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Égypt-actus
revue de presse sur l'actualité culturelle, archéologique, politique et sociale de l'Égypte
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Egypte : Les pourparlers avec le FMI sont positifs - Afriquinfos

Egypte : Les pourparlers avec le FMI sont positifs - Afriquinfos | Égypt-actus | Scoop.it

Un accord-cadre sera peut-être conclu avec la délégation actuelle," a indiqué le ministre égyptien de la Planification et de la Coopération Internationale Ashraf al-Arabi à Doha, capitale du Qatar, faisant allusion à la délégation technique du FMI qui séjourne en Egypte depuis la semaine dernière.

Le ministre a clarifié que les pourparlers ne s'attardaient pas à la question de l'augmentation de la valeur du prêt.

"Le gouvernement travaille présentement sur un programme de réforme économique nationale reposant sur deux axes majeurs, soit la diminution du déficit budgétaire et la réforme du système fiscal," a-t-il ajouté.

M. al-Arabi a indiqué que l'Egypte avait comme objectif de réduire son déficit budgétaire de 9,5% au cours de l'année fiscale 2012-2013, et d'un autre 8,5% en 2013-2014.

 

Plus: http://www.afriquinfos.com/articles/2013/4/10/egypte-pourparlers-avec-sont-positifs-221623.asp

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Egypte : le Qatar achètera des obligations

Egypte : le Qatar achètera des obligations | Égypt-actus | Scoop.it

Le Qatar, riche pays gazier du Golfe, va acheter en Egypte des obligations pour 3 milliards de dollars, qui vont s'ajouter à une assistance financière de 5 milliards de dollars, a annoncé mercredi le Premier ministre du Qatar, cheikh Hamad Ben Jassem Al-Thani.

"Nous avons décidé d'ajouter des obligations du gouvernement égyptien d'une valeur de trois milliards de dollars", a déclaré cheikh Hamad lors d'une conférence de presse avec son homologue égyptien Hicham Qandil.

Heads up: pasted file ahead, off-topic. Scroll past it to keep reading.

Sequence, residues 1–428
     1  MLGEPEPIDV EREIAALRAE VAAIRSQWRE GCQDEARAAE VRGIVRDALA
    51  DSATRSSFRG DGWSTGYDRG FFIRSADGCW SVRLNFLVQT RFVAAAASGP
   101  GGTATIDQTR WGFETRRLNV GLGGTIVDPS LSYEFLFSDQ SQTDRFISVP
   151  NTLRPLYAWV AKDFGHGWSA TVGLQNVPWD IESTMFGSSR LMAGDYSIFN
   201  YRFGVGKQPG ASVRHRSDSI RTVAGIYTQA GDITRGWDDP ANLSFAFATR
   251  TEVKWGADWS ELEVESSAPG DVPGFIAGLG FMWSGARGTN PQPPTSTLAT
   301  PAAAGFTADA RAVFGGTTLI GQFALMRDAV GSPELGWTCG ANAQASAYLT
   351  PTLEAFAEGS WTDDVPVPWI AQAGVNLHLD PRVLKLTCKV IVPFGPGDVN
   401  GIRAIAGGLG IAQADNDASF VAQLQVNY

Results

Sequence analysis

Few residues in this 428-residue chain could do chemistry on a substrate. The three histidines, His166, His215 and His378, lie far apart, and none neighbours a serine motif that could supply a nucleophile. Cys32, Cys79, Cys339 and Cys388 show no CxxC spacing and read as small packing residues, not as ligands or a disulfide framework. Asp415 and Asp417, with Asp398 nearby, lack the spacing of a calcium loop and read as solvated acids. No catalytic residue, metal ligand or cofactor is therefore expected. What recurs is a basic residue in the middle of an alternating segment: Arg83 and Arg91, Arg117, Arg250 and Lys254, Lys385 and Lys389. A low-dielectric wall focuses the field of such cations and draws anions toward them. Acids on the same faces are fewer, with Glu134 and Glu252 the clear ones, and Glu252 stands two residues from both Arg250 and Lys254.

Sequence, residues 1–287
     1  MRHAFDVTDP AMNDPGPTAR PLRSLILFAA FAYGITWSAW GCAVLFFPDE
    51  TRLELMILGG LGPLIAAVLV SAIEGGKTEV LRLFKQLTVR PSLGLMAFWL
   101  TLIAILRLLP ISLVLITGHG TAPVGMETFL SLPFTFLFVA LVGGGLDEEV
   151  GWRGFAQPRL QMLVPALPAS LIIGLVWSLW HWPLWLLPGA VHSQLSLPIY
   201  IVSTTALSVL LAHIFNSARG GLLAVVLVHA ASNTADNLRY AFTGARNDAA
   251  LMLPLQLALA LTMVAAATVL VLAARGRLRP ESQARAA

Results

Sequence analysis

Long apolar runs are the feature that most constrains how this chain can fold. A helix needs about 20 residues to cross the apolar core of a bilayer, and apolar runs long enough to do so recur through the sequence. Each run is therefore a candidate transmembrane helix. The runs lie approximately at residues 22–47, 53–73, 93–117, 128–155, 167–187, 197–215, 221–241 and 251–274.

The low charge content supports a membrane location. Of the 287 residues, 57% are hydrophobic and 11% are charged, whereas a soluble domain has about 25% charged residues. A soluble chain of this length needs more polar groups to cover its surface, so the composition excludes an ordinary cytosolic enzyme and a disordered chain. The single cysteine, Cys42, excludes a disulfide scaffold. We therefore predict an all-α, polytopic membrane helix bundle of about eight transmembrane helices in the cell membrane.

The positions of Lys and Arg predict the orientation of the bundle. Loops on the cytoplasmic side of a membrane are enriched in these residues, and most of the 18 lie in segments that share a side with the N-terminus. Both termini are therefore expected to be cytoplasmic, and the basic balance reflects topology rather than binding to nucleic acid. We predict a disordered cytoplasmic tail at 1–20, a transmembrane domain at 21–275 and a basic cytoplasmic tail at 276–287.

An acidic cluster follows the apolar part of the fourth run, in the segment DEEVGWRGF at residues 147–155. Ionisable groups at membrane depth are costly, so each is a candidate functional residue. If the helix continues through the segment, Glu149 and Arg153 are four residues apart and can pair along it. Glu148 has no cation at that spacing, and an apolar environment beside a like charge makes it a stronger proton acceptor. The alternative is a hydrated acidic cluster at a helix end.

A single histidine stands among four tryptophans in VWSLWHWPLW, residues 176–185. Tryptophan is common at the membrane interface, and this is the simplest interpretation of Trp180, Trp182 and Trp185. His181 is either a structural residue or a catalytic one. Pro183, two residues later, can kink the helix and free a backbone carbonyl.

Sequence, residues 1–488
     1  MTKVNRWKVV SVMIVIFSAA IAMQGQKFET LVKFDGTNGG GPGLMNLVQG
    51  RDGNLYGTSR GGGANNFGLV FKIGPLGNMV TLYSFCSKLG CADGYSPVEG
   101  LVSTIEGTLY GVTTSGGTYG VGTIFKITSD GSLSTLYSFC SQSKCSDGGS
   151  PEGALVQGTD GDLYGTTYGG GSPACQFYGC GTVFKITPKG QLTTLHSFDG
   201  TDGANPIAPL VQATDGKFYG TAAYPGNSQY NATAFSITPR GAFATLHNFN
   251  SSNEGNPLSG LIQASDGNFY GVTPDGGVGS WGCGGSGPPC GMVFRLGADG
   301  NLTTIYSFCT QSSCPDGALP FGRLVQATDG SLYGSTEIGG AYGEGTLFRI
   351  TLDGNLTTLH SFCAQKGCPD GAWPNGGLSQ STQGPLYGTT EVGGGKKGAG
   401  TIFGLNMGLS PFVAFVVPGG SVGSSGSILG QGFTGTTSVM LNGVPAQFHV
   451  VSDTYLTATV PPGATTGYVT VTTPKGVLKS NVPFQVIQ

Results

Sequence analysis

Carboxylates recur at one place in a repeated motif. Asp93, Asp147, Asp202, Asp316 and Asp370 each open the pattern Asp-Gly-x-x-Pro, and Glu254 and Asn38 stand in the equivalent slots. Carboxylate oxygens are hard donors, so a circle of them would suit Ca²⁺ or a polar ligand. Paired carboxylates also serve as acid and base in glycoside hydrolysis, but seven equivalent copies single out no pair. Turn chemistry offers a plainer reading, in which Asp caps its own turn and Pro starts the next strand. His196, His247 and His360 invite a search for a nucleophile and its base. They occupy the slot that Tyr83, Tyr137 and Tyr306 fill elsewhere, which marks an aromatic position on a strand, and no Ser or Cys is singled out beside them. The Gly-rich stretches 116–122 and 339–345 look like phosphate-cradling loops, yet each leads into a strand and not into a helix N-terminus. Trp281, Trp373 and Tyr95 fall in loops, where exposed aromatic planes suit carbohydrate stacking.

Le Qatar a déjà fait don d'un milliard de dollars au Caire et placé quatre milliards de dollars en dépôt à la Banque centrale égyptienne.

 

http://www.europe1.fr/International/Egypte-le-Qatar-achetera-des-obligations-1477673/

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L’Egypte au pied du mur face aux conditionnalités du FMI

L’Egypte au pied du mur face aux conditionnalités du FMI | Égypt-actus | Scoop.it

Derrière la crise politiqueen Egypte, il y a une impasse économique. Les «Frères musulmans» au pouvoir ont louvoyé, les aides du Qatar et de l’Arabie Saoudite ne venant, il ne reste plus que le FMI et ses conditionnalités. Le Caire est au pied du mur.

 

L’Egypte est un pays où l’islam politique démontre quotidiennement une terrible incapacité à affronter une situation économique en rapide dégradation.

 

Depuis sa prise de pouvoir, le président «frère musulman» Mohamed Morsi montre une incapacité à juguler une crise qui met en péril les fragiles équilibres de la société égyptienne. Tous les indicateurs sont au rouge. Le taux de chômage, officiellement de 13%, contre 9% avant la révolution, atteint 25% chez les jeunes dans un contexte de nette contraction des Investissements Directs Etrangers (IDE). Les complexes touristiques de Charm El Cheikh ou de Hurghada sur la mer sont très nettement sous-occupés et une promenade au Musée des Antiquités, place Tahrir, ou aux Pyramides permet de le constater de visu : la fréquentation touristique semble avoir touché un niveau d’étiage. Ainsi la croissance pour 2011/2O12 est à peine de 1,5% en très fort recul par rapport au dernier exercice 2009/2010 de l’ère Moubarak où elle avait dépassé le seuil de 5%. La dette souveraine égyptienne a été dégradée il y a dix jours par l’agence Moody’s. Les taux d’intérêt sur les obligations égyptiennes à échéance 2020 ont grimpé depuis lors de 89 points de base, à 8,3 %.

L’ECONOMIE AU RALENTI
Achraf Al Arabi, le ministre du Plan, l’admet sans ambages, la situation économique égyptienne est «préoccupante» et nécessite la relance urgente de l’activité.

 

Plus : http://news80.com/2013/04/09/legypte-au-pied-du-mur-face-aux-conditionnalites-du-fmi/

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Situation économique préoccupante en Egypte, admet un ministre | Reuters

La situation économique de l'Egypte est "préoccupante" et il faut que le gouvernement prenne rapidement des mesures pour faire redémarrer l'économie, a déclaré samedi le ministre égyptien de la Planification à l'agence de presse Mena.